This review was published in 2017. Unfortunately this restaurant has now permanently closed.
So far, 2017 has been a tumultuous year on the food front: Oliver Dabbous has closed both Barnyard and his eponymous restaurant, fine dining is reportedly in decline, and to top it all we’re currently in a hummus crisis! But with exciting new openings in Lorne, Mere and Bon Vivant, it isn’t necessarily all doom and gloom.
Some time in the melee of early 2017, Balfour – a cheap and cheerful Italian restaurant opposite Alain de Botton’s School of Life – transmogrified into Bon Vivant. This happened almost overnight and without fanfare. Not even a soft launch. This was one of those blink-and-you-miss-it moments. Italian restaurant one minute, French the next.
I wonder what prompted the volte-face from Italian to French. It may be to capitalise on the luggage-trundling footfall on this thoroughfare to and from the Eurostar, giving hungry travellers either a foretaste or a reminder of France, depending on their direction of travel – but whatever the reason, it appears to have worked. It should benefit from this location, and indeed a French restaurant seems more fitting than its Italian predecessor. With its unique vantage point on the intersection of two busy Bloomsbury streets you can engage in that most Parisian of pastimes: people watching.
A Café Rouge this is not.
In addition to the switch from Italian to French, the venue has had a massive upgrade. I have to say that, in its former guise, it did seem a bit stuck in the 90s. I like what they’ve done with the place: funkier lighting, comfier seating, green marble table tops, better glassware, a little bar area and, for the al fresco diners, the addition of those little round tables which you only see outside pavement cafes in France. My only two issues are that at times the music goes a bit too ‘house’ for my liking, and the lighting in the Tavistock Square side of the restaurant is a shade too bright.
All of the staff wear Breton-style tops with horizontal stripes (apart from the management, who are exempt from the uniform). This gives a sense of both Jules et Jim cheesiness and informality, though I’m glad they drew the line at berets, which would just be silly. Indeed, this is where the French clichés end. A Café Rouge this is not. Overall, from the design of a nicely constructed crowd-pleasing menu, to the fonts and typefaces used, you get the sense that the management are attuned to current trends and tastes – right down to serving bread on a slate, which annoys me but it seems to be de rigeur at the moment. There is a risk of course that these trends will soon be old hat and Bon Vivant will have to reinvent itself again.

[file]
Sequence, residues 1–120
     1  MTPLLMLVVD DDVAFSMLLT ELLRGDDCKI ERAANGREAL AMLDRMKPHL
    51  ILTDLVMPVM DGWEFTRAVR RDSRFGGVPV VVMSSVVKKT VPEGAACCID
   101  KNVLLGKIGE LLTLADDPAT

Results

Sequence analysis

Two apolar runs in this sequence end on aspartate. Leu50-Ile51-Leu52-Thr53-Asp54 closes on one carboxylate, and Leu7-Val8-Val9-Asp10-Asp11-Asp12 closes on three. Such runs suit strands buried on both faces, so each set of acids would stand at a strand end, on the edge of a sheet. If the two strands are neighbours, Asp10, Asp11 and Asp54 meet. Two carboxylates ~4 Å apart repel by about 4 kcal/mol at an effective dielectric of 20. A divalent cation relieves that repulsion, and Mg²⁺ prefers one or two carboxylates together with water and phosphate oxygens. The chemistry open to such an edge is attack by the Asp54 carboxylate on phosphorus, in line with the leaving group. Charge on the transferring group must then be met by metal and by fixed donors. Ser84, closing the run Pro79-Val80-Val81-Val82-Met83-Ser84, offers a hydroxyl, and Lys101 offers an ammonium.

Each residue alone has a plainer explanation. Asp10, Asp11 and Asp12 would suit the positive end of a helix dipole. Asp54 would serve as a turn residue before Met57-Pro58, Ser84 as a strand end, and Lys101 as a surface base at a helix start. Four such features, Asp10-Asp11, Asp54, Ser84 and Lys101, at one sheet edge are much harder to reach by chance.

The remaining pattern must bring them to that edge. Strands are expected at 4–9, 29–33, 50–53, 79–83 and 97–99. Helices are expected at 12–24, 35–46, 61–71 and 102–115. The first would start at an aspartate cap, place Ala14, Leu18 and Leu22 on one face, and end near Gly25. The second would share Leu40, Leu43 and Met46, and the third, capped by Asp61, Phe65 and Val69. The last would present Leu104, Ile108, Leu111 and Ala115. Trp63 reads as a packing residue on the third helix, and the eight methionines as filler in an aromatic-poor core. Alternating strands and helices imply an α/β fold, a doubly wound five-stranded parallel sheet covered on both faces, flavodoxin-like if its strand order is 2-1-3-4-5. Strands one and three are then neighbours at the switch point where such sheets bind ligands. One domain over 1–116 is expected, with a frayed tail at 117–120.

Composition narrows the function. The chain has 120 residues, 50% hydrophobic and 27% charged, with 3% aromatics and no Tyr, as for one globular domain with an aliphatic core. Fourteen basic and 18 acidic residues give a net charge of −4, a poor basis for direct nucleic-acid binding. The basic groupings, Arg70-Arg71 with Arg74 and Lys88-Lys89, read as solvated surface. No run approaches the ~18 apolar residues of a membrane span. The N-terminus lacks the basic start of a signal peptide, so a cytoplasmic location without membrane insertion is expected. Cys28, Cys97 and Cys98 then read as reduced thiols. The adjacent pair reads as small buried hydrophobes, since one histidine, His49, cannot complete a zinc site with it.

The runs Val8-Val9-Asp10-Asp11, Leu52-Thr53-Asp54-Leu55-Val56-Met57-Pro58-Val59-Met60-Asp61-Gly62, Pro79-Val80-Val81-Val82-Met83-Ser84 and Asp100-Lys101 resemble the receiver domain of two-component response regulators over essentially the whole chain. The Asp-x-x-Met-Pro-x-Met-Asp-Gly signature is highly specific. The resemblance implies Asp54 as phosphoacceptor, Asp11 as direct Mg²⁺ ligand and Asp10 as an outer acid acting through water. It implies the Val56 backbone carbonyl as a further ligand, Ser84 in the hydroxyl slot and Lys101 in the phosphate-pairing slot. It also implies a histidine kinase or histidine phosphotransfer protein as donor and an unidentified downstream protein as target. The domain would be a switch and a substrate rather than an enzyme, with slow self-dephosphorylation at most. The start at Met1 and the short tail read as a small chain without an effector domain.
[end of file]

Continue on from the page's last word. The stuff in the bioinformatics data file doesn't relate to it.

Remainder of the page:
Some things will remain timeless though, like the Breton tops. This seems to be the case with the food, which is classic French with some nods to Breton specialities in there too. I tried a straightforward rib eye steak with gratin dauphinois. This was competently cooked, to the correct cuisson with the fat marbling in the rib eye allowing for juiciness and flavour. Perhaps it could’ve been rested for longer but it was up there with any good steak I’ve had in in Paris – which isn’t a massive compliment, it just means it meets expectations. The gratin was lovely – the potatoes soft and delicate, the cream delectable and the garlic timidly sitting at the back of the classroom but answering its name when called out. The green beans were satisfyingly crunchy.
On a second visit (yes, I went back!), the truffled tagliatelle was amazing. Not that French, mind, but what the hell? A hangover from Balfour’s menu perhaps, or a ‘call-back’ as comedians like to call it.
On the dessert front the earl grey crème brûlée passed my brûlée spoon test and the subtle bergamot in the background did not overpower the dessert. On my second visit, I tried the “Breton Tiramisu.” This should really be in inverted commas as this is not really a Tiramisu. This is more of an homage to the Italian classic dessert, made with salted caramel, Breton biscuits and cream. It’s a nice enough dessert, but it’s a bit of a stretch to call it a Tiramisu, especially with no coffee in it. I needed to order an espresso on the side for the necessary ‘pick me up’ element.
The wine list is fair, with French wines dominating, but it could be more extensive in scope. There are some quirky house cocktails too but a part of me dies inside whenever I see “bottomless Prosecco” on offer for brunch – or even “drunch.” I don’t get all this love for Prosecco. Why not Champagne?
On my first visit the service seemed to be finding its feet somewhat, which is to be expected I suppose. My waiter didn’t know what the ‘bon vivant’ sauce was when I asked. A waiter should be prepared for such questions, particularly on the more static dinner menu. However, on the second visit it was evident that some training had kicked in and the staff were more confident and knowledgeable. At all times they have been very friendly and welcoming, and on each occasion I’ve visited the restaurant has been busy. I’ve heard they will be introducing a cheaper lunchtime menu which will surely keep this busy place even busier – and now that summer is nearly here, those round tables outside will come into their own.
I have high hopes for Bon Vivant.
75-77 Marchmont Street
by J A Smith